The Default Character and Why Elizabeth Acevedo Made Me Cry

The Default Character and Why Elizabeth Acevedo Made Me Cry

February 28, 2019, 1:16 am
Filed under: art, feminism, Racism, resistance, writing | Tags: Boots Riley, colonization, Default Character, Elizabeth Acevedo, gentrification, Neutral Character, nobility, patriarching, patriarchist, poetry, rat ode, SCBWI, self-editing, sexism-ers, sexism-ing, Sorry to Bother You

Elizabeth Acevedo’s presentation at the Conference of the Society of Children’s Book Writers and Illustrators made tears fall down my face in a way that I usually try to avoid in public. Acevedo is an extraordinary performer, writer, speaker and it’s no surprise that she took hold of the room full of writers and illustrators and moved us. But why was I crying?

At first, I thought, “Well, I’m old enough and she’s young enough that she could have been one of my students when I was doing workshops and residencies all over New York.” And while I probably didn’t teach her specifically, I certainly taught a lot of kids could have grown up to be poets or performers. I thought maybe I was having a teacher’s kvell moment, feeling proud of my former students by watching her work. But I think it was something more.

One of the stories she shared was about her graduate training in poetry that led to her writing an ode to rats. (I’d tell you the story in more detail but SCBWI’s blogging policy forbids me from disclosing the contents of a presentation. Though if you watched the beginning of this video, which is freely available on the internet, you’d be pretty much up to speed.) At the heart of the story is a kind of mental gentrification of an artist in the midst of learning a craft. It’s a story about the way that a person in power, coddled in privilege (white, male, economically secure, always part of the dominant paradigm) can thoughtlessly dismiss a culture, a humanity, can fail to see what treasures are right in front of them.

I thought, perhaps, after hearing this story, particularly the part where all of Acevedo’s Spanish words are circled in red, that I was crying for the loss of all the books I haven’t read, all the stories I haven’t heard from the people whose art was cut off at the knees by this kind of colonialist mind set, the kind that can’t look up words he doesn’t know, the kind that can’t see an experience outside of his own. There are so many books we won’t get to read, so many poems we won’t hear, so many films and plays we missed. I mean, I’m crying for that loss again right now as I write this. It is our culture’s great loss. There is no question.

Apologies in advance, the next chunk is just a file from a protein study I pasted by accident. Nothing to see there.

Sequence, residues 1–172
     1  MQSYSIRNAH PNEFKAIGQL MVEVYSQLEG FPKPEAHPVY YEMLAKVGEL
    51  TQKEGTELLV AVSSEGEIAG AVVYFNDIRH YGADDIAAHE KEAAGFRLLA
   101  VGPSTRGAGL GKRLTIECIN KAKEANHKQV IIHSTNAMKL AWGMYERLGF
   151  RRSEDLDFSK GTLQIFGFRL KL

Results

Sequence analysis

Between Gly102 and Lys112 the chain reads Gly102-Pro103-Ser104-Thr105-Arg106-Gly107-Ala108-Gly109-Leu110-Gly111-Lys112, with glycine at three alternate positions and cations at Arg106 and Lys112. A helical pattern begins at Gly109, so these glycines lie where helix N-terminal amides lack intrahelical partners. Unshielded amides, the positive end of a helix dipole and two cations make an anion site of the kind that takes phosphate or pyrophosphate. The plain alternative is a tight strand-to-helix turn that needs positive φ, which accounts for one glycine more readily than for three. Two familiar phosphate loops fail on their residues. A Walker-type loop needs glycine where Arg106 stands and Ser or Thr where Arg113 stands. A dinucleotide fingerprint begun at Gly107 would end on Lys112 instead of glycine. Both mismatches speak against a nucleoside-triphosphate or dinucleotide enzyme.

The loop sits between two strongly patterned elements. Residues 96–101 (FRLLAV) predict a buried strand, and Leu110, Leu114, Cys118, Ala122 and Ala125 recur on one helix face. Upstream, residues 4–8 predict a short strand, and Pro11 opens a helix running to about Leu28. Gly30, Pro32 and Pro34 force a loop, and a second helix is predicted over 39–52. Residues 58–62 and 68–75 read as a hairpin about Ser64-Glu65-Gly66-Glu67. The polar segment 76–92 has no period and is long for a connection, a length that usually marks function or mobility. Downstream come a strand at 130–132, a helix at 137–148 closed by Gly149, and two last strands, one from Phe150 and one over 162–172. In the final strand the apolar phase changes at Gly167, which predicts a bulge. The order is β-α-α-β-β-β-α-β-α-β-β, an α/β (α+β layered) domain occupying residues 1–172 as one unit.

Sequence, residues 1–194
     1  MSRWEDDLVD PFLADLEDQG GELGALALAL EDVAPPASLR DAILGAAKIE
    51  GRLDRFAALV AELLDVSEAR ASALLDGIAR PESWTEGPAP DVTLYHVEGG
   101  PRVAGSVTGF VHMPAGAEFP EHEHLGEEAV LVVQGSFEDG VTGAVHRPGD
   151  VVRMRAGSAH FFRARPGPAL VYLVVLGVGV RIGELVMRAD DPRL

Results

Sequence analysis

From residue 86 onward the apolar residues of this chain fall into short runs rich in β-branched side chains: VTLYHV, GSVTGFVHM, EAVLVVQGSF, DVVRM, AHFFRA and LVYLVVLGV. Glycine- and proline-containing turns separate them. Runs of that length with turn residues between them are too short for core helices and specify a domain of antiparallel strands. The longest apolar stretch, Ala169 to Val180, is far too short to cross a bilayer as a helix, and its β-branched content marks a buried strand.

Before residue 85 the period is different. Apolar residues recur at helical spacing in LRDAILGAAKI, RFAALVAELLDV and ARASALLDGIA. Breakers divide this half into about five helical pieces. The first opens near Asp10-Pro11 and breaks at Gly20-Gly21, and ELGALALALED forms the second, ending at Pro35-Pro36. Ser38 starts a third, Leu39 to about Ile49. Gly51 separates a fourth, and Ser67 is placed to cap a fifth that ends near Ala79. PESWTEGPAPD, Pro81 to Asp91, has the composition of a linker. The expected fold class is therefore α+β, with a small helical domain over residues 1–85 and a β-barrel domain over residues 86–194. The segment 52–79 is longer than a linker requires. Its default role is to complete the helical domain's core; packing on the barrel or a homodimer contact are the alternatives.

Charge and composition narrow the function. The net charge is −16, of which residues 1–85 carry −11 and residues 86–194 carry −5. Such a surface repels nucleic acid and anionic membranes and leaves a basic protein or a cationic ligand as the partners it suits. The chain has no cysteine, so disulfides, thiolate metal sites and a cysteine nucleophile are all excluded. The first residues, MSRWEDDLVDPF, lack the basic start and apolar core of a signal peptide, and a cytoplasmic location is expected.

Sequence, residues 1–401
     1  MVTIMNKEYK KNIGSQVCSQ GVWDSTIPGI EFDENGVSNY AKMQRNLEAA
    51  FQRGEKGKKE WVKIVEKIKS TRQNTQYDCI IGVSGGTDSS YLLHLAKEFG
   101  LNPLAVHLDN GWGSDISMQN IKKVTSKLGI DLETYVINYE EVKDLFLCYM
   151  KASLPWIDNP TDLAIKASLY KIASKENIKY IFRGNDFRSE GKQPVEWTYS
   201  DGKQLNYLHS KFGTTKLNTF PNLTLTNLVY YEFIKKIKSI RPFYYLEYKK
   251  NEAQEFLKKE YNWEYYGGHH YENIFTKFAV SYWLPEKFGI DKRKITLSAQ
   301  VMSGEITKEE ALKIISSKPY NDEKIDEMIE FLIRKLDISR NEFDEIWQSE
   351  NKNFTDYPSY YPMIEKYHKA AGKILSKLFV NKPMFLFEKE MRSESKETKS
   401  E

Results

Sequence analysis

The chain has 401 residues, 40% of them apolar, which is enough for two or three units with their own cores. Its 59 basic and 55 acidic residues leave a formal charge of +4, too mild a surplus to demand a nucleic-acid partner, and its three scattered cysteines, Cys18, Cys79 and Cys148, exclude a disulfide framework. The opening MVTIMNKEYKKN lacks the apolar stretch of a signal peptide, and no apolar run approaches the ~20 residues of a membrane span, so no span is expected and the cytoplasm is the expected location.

But this felt more personal. It felt like she was talking to me — like it was my story she was telling in addition to her own. I’m not Dominican. Not Latina. Not a woman of color. I cannot claim to have had my work edited to fit a whiter paradigm. My work is probably right in the white zone, probably with its own unconscious colonialist impulses. I have seen the cultural knee-capping happen to students in my orbit but that particular injustice has not been one I’ve had to face. So what is it? Why does this feel so personal? I’d love to believe I was just moved by a cultural loss but I don’t think my tears are that selfless.

I suspect the feeling is familiar even if the facts are different. I suspect I felt all the ways I have been dismissed, edited or questioned for being too feminine, too disorderly or too much trouble. I suddenly found myself looking for a word that expressed a kind of colonization of gender. I want to be able to note the action while it’s happening. I want to be able to say to someone something like “Stop patriarching me!” (but better) or to find the equivalent of calling someone a colonizer. It’s not the same, I know. I know it’s not the same. But there are many ways that women’s bodies have been claimed by others instead of the people to whom they belong.